The intersection coordinates of the plotted intercepts, the Ra* and Tm* curves closest to the reference points, and the coordinates of their intersections with each other. It includes the lowest point of those functions, crucial for building the Pareto frontier, with the following values: G (0.283; 0.471), H (0.360; 0.352), I (0.400; 0.310), J (0.450; 0.252), K (0.500; 0.215), L (0.525; 0.197), and F (0.582; 0.111)

Ten sections were established from the Pareto frontier analysis. Section I, between point 1 and point 2, relates to ap = 0.5…0.75 mm, vf = 50 mm/min, and n = 600 rpm; section II between point 2 and point 3, relates to ap = 0.75…1.0 mm, vf = 50 mm/min, and n = 600 rpm; section III, between point 3 and point 4, relates to ap = 1.0…1.12 mm, n = 600 rpm, and vf = 50 mm/min; section IV, between point 4 and point 5, relates to ap = 1.12…1.25 mm, n = 600 rpm, and vf = 50 mm/min; section V, between point 5 and point 6, relates to ap = 1.25…1.5 mm, vf = 50 mm/min, and n = 600 rpm; section VI, between point 6 and point 7, relates to ap = 1.5 mm, n = 600 rpm, and vf = 50…100 mm/min; section VII, between point 7 and point 8, relates to ap = 1.5…0.75 mm, n = 600 rpm, vf = 100 mm/min; section VIII, between point 8 and point 9, relates to ap = 0.75…1.25 mm, n = 600 rpm and vf = 100…200 mm/min; section IX, between point 9 and point 10, relates to ap = 1.25…1.0 mm, n = 600 rpm, and vf = 120…150 mm/min; section X, between point 10 and point 11, relates to ap = 1.0…1.5 mm, n = 600 rpm, and vf = 150 mm/min. Point 10, at a special point on the Pareto frontier, was at an intersection of three curves for ap = 1.0 mm, n = 600 rpm, and vf = 150 mm/min; ap = 1.25 mm, n = 600 rpm, and vf = 150 mm/min; ap = 1.5 mm, n = 600 rpm, and vf = 150 mm/min.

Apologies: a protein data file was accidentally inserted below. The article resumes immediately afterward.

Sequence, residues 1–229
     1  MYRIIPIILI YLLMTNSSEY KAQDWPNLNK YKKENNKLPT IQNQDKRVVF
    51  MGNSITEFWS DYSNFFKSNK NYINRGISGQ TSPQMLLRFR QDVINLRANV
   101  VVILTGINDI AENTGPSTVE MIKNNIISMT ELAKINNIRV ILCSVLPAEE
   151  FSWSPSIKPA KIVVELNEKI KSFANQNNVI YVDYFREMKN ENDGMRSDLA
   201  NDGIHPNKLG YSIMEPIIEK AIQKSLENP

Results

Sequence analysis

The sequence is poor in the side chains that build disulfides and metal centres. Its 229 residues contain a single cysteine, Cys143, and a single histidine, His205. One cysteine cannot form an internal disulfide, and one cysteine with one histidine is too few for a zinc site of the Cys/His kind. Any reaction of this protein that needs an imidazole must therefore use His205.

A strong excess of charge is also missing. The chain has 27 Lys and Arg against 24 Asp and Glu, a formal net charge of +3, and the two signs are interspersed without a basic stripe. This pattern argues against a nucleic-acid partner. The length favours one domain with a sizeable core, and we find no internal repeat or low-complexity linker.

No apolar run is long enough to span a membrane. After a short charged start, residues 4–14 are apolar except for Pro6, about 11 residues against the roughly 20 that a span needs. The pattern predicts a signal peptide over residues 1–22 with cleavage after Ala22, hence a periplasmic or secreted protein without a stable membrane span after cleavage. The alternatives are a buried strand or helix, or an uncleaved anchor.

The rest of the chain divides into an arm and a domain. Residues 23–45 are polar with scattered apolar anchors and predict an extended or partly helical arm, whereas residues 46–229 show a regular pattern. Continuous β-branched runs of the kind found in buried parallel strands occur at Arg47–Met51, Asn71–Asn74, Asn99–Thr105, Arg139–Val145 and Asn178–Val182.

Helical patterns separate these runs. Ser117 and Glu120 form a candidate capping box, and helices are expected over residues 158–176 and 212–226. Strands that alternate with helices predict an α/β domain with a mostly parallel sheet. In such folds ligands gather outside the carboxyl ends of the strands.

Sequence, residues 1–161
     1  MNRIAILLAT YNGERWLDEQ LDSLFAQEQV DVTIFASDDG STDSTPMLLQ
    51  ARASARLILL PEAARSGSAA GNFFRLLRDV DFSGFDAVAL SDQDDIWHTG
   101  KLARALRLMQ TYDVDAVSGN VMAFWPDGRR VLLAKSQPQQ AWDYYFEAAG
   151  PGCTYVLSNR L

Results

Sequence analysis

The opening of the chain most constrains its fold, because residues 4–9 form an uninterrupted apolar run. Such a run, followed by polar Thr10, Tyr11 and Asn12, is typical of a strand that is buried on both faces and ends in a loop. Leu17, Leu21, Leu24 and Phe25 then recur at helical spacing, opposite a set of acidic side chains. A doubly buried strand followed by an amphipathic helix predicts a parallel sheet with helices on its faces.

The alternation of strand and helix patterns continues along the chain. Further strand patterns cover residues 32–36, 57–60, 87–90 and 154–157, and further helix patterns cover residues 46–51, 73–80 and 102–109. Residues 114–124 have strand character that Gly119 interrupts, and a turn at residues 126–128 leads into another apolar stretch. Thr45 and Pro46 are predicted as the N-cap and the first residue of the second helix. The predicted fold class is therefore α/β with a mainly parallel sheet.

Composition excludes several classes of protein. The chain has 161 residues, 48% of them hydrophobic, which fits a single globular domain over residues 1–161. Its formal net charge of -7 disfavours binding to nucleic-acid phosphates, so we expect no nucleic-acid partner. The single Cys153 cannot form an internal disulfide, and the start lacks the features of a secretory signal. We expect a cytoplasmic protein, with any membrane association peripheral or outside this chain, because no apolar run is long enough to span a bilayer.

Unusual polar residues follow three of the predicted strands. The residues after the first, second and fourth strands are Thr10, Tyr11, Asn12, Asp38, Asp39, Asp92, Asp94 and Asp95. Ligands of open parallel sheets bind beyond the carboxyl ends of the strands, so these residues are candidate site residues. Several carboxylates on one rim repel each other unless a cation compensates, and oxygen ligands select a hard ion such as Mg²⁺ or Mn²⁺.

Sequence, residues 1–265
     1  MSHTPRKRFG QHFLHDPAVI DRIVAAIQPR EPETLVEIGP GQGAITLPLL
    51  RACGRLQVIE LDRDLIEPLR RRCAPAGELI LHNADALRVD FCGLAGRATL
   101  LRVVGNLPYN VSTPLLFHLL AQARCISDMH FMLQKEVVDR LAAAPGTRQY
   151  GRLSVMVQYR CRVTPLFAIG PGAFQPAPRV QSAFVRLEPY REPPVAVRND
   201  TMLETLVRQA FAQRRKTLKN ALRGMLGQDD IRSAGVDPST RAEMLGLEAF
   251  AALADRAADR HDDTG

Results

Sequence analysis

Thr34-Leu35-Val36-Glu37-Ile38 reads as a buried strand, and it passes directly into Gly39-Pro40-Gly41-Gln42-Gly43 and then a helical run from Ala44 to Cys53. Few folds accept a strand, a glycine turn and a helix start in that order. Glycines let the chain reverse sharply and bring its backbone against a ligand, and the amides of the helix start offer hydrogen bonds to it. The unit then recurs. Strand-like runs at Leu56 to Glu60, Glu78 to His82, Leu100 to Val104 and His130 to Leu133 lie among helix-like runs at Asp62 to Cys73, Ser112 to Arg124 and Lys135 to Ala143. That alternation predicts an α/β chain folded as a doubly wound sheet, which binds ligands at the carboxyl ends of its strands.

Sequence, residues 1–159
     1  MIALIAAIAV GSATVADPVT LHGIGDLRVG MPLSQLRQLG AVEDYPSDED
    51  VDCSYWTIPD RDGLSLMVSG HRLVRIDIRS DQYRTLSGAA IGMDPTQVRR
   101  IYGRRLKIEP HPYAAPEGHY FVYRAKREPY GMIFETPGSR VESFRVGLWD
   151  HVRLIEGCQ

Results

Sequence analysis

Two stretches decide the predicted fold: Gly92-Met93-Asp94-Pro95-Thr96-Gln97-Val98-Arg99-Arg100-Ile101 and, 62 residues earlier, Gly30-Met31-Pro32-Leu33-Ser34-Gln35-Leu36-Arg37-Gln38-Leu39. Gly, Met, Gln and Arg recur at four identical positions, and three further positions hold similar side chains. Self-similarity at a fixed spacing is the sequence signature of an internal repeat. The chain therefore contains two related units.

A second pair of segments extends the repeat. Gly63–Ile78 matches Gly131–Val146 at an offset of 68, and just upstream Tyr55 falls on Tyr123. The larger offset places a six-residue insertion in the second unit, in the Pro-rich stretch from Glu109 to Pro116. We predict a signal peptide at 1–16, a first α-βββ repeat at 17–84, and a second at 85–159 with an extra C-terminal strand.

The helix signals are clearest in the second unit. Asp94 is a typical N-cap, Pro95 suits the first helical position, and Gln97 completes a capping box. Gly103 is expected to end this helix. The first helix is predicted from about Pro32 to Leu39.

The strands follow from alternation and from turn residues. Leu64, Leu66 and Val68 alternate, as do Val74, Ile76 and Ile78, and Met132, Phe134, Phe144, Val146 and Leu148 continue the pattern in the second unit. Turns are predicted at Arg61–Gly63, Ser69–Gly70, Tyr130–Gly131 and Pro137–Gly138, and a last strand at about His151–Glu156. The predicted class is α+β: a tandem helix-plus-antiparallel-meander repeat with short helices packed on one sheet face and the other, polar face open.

3.4 3.4. Determining the Pareto frontier (the fourth step of the strategy).

Expert assessments were employed, so as to narrow the set of Pareto points, in order to determine the higher weighing factor of the machining time criteria, Tm*, over the surface roughness, Ra*. As we can see in Fig. 8a, blue line indicates the Pareto non-dominated estimates. The end point of this vector with the coordinates (0.358; 0.358). As seen in the figure, point no. 12 can be considered as the non-dominated Pareto point for an unconstrained optimization with equivalent criteria f1 and f2. The global optima in this case corresponds to the following values: Tm = 0.358 min/cm3, Ra = 0.087 μm, n = 600 rpm, ap = 0.75 mm, and vf = 82 mm/min.
Fig. 8

Global optima Pareto frontier for the dimensionless parameters: Tm = 0.358 min/cm3, Ra = 0.087 μm, n = 600 rpm, ap = 0.75 mm, vf = 82 mm/min, with the corresponding real parameters: Tm = 0.111 min/cm3, Ra = 0.142 μm, n = 600 rpm, ap = 1.5 mm, vf = 150 mm/min

3.5 Determining the optimal cutting parameters (the fifth step of the strategy)